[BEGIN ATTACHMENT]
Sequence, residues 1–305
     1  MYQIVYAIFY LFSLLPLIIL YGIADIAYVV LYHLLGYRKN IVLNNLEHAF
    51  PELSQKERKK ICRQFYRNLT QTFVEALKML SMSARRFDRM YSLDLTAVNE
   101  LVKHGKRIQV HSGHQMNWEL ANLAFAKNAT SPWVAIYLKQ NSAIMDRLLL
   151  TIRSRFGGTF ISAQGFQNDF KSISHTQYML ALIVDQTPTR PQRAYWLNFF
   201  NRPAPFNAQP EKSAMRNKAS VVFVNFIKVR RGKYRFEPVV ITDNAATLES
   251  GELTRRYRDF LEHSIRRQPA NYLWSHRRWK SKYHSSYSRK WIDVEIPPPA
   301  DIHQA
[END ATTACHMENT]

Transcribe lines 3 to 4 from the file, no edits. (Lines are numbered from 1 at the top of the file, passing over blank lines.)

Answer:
    51  PELSQKERKK ICRQFYRNLT QTFVEALKML SMSARRFDRM YSLDLTAVNE
   101  LVKHGKRIQV HSGHQMNWEL ANLAFAKNAT SPWVAIYLKQ NSAIMDRLLL